Mussel farming in the Netherlands
The fourth campaign on this summer was at Waddenzee and Eems estuary, a highly dynamic and productive estuarine area, characterised by extensive tidal mudflats, saltmarshes, and deeper tidal creeks. It‘s also one of the largest coastal wetlands in the world and a biodiversity hotspot.
Pressures such as eutrophication increased sedimentation due to dredging, sea-level rise, invasive species are causing ecosystem changes. CoastObs objective in this case study, is to gain insight in spatial and temporal variation in food availability for mussels monitor turbidity as a result of dredging fisheries and sand nourishment monitor environmental status of the coastal waters, including eutrophication, PP, indicator species phaeocystis, and to provide data for reporting requirements.
Our work in this area will help users interested in ecological status and trends in water quality, historic analysis service to monitor the sources, magnitude and consequences of eutrophication.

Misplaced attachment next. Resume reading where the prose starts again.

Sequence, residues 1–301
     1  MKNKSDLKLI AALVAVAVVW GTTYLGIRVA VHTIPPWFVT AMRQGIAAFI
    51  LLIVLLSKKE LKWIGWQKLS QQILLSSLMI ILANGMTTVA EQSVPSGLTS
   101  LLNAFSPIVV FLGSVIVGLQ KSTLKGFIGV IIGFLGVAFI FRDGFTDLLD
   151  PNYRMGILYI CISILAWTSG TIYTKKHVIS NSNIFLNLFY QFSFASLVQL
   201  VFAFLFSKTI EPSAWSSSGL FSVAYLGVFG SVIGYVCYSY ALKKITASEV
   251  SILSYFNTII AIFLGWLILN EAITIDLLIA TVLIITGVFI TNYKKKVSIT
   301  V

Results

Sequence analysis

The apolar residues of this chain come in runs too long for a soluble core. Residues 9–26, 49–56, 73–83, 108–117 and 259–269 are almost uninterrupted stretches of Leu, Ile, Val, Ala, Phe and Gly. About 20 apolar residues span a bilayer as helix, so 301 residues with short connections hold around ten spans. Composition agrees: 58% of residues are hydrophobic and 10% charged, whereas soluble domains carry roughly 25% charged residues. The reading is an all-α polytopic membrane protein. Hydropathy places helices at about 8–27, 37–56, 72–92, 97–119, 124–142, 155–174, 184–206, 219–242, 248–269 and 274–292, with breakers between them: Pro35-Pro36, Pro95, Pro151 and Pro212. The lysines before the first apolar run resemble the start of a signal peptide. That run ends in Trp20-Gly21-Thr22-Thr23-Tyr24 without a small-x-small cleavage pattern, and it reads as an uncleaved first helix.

Macrophytes and submerged seagrass beds in Bourgneuf Bay, France.
The fifth fieldwork campaign was carried out in a macrotidal bay (tidal range 6m) located in the coast of France. The intertidal zone (~ 100 km2) is mostly constituted of mudflats and rocky areas, widely used for shellfish aquaculture (oyster farms). Large wild oyster reefs are found in the eastern part of the bay. The intertidal zone also presents benthic microalgae (BMA), macroalgae, and seagrass (mostly Zostera noltei).
CoastObs aim at this area is to use Sentinel2 time-series to update decadal trend analysis and retrieve Water Framework Directive variables (total extent, biomass) and to help aquaculture management of wild oyster reefs.
All photos: Mariana Mata-Lara
From all the five fieldwork campaigns carried out this summer, we will create the series of "Success stories", short clips intended to give you all the insights on the work done in each area. So wait for Spring 2020 to start watching those!